Like mysteries themselves, the mystery and crime genres have so many variations—one of which is hard-boiled crime. Hard-boiled crime evokes a very particular feeling in many readers—usually that of black-and-white photos or movies, the loner P.I., and a dark crime investigation that brings the hero (or sometimes anti-hero) up against forces of organized crime and corruption. But the hard-boiled crime genre has a much more interesting, and nuanced, history to be explored, and even though the work of James M. Cain defies many of the sub-genres accepted conventions, his work has gone on to epitomize the genre.
Hard-boiled crime fiction first appeared in the 1920s and grew in popularity through the 1940s. It was pioneered by Carroll John Daly, whose serialized tales were quite popular until Dashiell Hammett took up his pen and began writing better-crafted fiction that soon surpassed Daly. Largely seen as a reaction to the popularity of British mystery authors such as Agatha Christie and Dorothy L. Sayers, whose mysteries were sophisticated but tended to be bloodless and restrained, the hard-boiled mystery genre was dark, realistic, and concerned with confronting evil. At first, these stories were fostered in serial magazines and labeled “pulp”—and therefore weren’t taken very seriously—but as hard-boiled crime fiction built-in popularity and has endured throughout the years, renewed interest in its early works and pioneers have resulted in new film adaptations and modern writers emulating this distinct style.
Dashiell Hammett, Raymond Chandler, Mickey Spillane, and Erle Stanley Gardner are considered among the great founding writers of hard-boiled crime. Their books introduced readers to their iconic detectives that have gone on to embody what hard-boiled crime fiction is generally considered to be: A crime story that usually stars a private investigator who is dogged, smart, and faces betrayal at some point in the story.
He investigates dark crimes and violence, usually in Los Angeles or the American west, and is often considered a loner, much like the American cowboy. He usually solves the crime, ensures that justice is served, and comes out a bit more jaded than before. If we consider these tenets of the sub-genre, then James M. Cain is a fascinating departure…and yet his work is no less hard-boiled crime.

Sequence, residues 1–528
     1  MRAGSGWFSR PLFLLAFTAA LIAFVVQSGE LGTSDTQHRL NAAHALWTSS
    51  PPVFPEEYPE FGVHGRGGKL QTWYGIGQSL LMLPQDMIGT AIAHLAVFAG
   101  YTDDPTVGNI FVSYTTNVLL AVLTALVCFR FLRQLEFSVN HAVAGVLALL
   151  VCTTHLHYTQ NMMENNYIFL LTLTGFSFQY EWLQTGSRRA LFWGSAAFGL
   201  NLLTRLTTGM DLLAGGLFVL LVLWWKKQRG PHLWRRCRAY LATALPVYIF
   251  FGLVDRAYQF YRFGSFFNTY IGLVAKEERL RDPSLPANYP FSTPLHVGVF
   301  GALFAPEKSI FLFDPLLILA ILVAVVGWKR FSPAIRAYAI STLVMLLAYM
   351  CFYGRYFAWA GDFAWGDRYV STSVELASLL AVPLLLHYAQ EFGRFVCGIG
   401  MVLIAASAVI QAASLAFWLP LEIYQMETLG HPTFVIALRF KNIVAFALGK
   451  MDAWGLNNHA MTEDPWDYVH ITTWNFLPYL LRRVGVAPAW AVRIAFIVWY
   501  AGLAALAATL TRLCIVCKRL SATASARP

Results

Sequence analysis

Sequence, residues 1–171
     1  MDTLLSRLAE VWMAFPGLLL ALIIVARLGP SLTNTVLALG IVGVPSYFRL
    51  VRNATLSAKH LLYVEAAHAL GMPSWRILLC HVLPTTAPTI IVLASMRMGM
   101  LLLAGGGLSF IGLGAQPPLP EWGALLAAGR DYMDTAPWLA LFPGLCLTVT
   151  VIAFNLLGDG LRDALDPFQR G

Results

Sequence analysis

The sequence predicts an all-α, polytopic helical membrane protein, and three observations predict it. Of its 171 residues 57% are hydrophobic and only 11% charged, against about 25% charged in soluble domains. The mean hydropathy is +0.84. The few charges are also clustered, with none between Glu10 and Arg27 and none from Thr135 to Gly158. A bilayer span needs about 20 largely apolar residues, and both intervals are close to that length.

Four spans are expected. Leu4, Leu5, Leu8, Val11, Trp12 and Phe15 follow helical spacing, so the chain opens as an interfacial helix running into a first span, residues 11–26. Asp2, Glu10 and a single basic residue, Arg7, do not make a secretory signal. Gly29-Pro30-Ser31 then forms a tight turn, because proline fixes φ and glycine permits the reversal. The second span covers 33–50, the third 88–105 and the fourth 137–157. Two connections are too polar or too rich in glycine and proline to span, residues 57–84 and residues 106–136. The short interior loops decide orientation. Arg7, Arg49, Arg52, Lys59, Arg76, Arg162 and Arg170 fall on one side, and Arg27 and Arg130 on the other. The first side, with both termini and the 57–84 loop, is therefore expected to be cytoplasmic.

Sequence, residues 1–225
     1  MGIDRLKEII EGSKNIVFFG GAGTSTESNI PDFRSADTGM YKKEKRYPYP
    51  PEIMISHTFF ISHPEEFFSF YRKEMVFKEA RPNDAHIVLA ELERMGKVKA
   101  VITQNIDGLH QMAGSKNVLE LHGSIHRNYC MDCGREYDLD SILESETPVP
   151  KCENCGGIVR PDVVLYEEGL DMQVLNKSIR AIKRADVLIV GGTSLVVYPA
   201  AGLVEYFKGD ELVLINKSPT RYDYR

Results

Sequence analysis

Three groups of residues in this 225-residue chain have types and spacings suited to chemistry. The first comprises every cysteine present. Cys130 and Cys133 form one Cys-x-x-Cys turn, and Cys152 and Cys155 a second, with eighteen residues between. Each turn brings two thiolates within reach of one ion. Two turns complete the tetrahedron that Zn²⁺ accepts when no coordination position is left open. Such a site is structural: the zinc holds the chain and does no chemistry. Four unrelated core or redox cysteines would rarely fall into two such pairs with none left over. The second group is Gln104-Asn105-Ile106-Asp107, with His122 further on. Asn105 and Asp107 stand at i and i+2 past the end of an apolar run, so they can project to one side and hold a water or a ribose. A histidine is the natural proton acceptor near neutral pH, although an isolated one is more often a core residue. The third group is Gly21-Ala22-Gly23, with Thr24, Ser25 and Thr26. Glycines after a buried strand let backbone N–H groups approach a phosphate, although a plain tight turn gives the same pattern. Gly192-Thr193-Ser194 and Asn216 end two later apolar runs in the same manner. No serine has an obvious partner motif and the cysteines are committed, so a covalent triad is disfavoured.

James M. Cain got his start in writing as a journalist for The Baltimore Sun before being drafted into WWI. After the war, he worked for numerous publications before spending time in Hollywood, writing scripts before finally turning to fiction. His first novel was The Postman Always Rings Twice, and although the protagonist is far from the noble and dogged private eye of convention, the book was dark and violent, exploring desire, murder, and underhanded schemes that abound in hard-boiled crime. It’s not a whodunit, but it’s deeply focused on the domestic and dark impulses behind the crimes. Similarly, his second novel Double Indemnity is about an insurance salesman drawn into a murderous plot by a beautiful married woman. Mildred Pierce is about a middle-class mother and divorcee who desperately wishes to make a living for her daughters. As she finds success running multiple restaurants, her eldest daughter becomes more vindictive and dismissive of her mother, and Mildred becomes more desperate to earn her daughter’s affection, to the point of turning to crime and eventually, violence.
If Hammett, Chandler, Spillane, and Garnder’s works were concerned with private eyes investigating dark crimes, then Cain’s books explored how those crimes came to be committed in the first place. Sometimes, his protagonists end up behind bars. Sometimes, they don’t. That ambiguity, and the gritty reality of his settings and plots, make him as much a part of the hard-boiled genre as any other, oftentimes offering a much more enticing and dangerous view of humanity’s darker impulses.
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